In the Women’s 800 heats Oxford had only one runner, Natalie Beadle, but what we lacked in quantity we madeup for in quality with Beadle finishing 6th in her competitive heat in a time not too faroff her personal best. The Men’s 800m was up next, again with another stacked field with 10 men having run 1.50 or under. Heat 1 saw Charlie Sneddon finish 5th, clocking a comfortable sub-2 time but this sadly wasn’t enough to see him progress. It was another 5th place finish for Bonnor O’Sullivan in heat 5 which again, sadly meant he missed out on the semi finals.

It seemed strange having heats in the Men’s 3000m steeplechase as it’s only purpose was to remove 3 members of the field – luckily this didn’t include Oxford’s Kirk Smith and Miles Chandler who both ran solid races over the barriers to qualify for the final on the Monday.

Sunday saw the temperature rise further making for uncomfortable conditions for distance running, however, this didn’t stop Gruen achieving another 2nd place finish in a nail-biting semi final. He ran just outside of his PB in a race that was initially pedestrian with a massive final 800m coming in 1.57. This saw a large pack sprinting down the home straight to try and achieve one of the five automatic qualification spots on offer but luckily Gruen used his signature kick, made famous in the DMR at FEAR where he secured the win for Oxford, to secure his spot in the final the following day.

Charlotte Dannatt also had a busy Sunday. She was agonisingly close to making the final, finishing one place below what was needed for qualification, but setting a new 3-second PB, which is very encouraging so early in the season. Not satisfied with two races in two days, she raced in the 4×400, helping the Oxford team to the final and writing her name into the record books as part of the 4th fastest Oxford Women’s 4×400 in history.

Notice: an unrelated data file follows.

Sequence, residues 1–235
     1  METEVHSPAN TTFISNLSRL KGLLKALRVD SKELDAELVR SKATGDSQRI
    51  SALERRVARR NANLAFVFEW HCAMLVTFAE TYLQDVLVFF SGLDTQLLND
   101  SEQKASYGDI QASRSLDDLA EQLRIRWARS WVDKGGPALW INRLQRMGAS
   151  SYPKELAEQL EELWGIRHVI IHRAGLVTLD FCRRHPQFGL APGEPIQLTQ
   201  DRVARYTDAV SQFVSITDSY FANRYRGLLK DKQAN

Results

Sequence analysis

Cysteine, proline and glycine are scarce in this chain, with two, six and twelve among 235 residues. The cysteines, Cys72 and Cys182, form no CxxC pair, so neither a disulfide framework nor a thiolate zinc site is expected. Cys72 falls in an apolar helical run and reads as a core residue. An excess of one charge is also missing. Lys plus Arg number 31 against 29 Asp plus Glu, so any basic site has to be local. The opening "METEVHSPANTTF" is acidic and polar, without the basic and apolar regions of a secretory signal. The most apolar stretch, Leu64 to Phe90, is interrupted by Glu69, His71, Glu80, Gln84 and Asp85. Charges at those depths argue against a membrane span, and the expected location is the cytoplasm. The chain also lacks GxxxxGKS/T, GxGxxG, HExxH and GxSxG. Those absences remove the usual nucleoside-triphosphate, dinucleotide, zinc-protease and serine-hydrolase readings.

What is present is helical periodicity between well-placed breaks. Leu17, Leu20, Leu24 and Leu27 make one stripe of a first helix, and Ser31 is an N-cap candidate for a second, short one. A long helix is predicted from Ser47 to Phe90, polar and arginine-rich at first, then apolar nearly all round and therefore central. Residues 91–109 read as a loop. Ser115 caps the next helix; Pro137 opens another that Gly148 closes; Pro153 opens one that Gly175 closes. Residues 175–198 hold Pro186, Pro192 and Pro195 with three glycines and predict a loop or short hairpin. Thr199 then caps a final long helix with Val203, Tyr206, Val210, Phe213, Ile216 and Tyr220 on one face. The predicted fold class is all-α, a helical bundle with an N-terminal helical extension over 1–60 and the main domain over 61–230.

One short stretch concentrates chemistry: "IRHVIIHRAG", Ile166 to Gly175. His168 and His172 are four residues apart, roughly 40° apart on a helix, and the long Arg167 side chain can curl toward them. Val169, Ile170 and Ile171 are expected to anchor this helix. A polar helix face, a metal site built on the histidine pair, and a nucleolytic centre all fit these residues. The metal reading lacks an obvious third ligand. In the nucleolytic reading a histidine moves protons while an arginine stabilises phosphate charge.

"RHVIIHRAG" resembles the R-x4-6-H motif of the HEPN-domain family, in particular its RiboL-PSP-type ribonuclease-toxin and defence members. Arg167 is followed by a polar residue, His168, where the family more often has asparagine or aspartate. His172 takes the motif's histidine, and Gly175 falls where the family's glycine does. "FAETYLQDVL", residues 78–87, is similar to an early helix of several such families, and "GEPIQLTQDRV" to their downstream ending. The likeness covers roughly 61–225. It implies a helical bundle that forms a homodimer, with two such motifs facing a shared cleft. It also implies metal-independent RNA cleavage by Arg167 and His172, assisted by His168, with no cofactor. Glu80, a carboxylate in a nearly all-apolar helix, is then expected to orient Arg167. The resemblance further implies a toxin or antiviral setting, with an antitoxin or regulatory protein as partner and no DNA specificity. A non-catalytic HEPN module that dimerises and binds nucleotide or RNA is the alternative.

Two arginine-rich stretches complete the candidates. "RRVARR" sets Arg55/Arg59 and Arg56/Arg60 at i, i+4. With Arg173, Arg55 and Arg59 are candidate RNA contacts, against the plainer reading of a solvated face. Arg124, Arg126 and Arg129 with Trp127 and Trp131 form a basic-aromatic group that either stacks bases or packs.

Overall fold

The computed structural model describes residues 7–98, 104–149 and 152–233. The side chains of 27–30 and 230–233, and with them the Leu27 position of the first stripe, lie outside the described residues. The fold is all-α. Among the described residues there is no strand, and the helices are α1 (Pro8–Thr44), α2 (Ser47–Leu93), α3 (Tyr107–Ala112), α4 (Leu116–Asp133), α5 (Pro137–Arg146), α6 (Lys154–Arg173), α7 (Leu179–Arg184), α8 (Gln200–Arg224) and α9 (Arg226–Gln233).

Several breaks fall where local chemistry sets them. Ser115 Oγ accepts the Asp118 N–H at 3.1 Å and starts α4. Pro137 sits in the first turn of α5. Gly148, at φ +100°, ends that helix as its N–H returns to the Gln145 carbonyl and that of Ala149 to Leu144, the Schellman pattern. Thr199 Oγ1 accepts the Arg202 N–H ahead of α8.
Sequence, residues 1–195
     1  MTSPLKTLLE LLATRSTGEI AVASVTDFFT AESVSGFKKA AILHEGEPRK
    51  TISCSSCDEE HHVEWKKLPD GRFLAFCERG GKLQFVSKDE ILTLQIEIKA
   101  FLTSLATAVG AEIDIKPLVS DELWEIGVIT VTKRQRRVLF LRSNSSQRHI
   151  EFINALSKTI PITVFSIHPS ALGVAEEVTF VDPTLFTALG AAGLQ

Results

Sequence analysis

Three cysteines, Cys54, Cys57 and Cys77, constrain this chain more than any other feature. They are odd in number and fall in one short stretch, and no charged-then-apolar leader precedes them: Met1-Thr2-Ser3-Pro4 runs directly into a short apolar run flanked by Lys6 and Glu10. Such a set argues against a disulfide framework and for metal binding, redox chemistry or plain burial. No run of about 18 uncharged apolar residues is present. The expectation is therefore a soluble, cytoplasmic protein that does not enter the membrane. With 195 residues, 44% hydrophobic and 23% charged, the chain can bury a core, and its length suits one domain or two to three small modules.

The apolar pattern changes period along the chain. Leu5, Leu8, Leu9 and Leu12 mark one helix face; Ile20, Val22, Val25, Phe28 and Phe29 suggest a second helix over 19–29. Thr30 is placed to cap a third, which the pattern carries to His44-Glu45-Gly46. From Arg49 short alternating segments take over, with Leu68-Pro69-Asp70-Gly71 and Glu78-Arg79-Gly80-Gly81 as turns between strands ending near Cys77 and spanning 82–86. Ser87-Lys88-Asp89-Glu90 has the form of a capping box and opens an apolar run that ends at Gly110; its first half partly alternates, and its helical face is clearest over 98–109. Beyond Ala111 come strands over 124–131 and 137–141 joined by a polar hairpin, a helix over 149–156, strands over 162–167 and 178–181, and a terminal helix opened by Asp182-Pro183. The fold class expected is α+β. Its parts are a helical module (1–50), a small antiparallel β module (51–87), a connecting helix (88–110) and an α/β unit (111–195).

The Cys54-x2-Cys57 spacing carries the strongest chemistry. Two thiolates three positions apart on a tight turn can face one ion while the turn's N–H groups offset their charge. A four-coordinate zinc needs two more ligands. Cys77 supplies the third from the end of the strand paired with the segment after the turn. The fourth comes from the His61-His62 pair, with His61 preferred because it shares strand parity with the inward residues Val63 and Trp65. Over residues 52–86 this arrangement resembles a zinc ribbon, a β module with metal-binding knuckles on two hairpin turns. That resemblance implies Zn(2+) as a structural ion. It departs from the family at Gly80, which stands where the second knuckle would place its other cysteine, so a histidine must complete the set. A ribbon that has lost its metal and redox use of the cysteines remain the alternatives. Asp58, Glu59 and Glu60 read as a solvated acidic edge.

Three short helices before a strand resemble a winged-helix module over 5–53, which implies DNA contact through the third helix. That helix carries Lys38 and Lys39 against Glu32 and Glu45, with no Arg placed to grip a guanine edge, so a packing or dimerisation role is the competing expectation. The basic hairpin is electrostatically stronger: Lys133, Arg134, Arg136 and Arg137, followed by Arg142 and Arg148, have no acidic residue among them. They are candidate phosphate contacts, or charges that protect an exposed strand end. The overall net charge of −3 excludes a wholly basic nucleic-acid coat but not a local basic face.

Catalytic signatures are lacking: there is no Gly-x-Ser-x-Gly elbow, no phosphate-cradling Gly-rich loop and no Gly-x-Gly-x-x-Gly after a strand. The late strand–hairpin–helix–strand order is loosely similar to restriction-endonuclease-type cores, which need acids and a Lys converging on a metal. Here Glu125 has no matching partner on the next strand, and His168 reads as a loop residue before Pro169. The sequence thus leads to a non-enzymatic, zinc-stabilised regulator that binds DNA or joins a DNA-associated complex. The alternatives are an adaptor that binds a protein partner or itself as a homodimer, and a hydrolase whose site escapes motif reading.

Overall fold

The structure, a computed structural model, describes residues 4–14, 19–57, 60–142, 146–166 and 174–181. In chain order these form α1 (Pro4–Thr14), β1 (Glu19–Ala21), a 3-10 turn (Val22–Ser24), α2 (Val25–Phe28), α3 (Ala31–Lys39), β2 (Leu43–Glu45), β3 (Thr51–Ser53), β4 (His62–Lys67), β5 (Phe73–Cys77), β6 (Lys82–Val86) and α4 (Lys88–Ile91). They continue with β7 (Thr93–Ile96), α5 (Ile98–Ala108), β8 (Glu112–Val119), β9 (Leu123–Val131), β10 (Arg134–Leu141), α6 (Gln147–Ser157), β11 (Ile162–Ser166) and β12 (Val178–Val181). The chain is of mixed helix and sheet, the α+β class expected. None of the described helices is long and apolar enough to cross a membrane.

Miles Chandler taking flight over the water jump in the 3000m Steeplechase final on Monday


The Men’s 5000m races commenced the action on the final day of competition. Two races were run to cope with the large number of entries and final places allocated based upon the times run by athletes in both races. Oxford had two athletes in the competitive B race, Jack Millar and the returning Miles Weatherseed. Both ran solid races over the twelve-and-a-half laps, a task made more difficult by the rising temperature. Millar finished in 4th place and Weatherseed in 14th. In the gruelling A race Jamie Parkinson, the recent Oxford 2km steeplechase record holder, took to the track finishing in 15th place.

A few hours later the dynamic Oxford 5km duo of Kim Horner and Flo Scrafton took to the track. Kim was up first running in the B race which saw an Oxbridge breakaway in the latter stages. Kim battled hard and was rewarded with an impressive 2nd place and a new PB that was comfortably beneath the Full Blue time. She also comfortably beat one of the Cambridge runners, which bodes well for the fast approaching Varsity match on 19th May at the Iffley Road Track. Flo then took to the track in a high calibre A race, which included two athletes who had recently returned from the Commonwealth Games in Australia. She battled hard in a difficult race finishing 12th in the stacked field.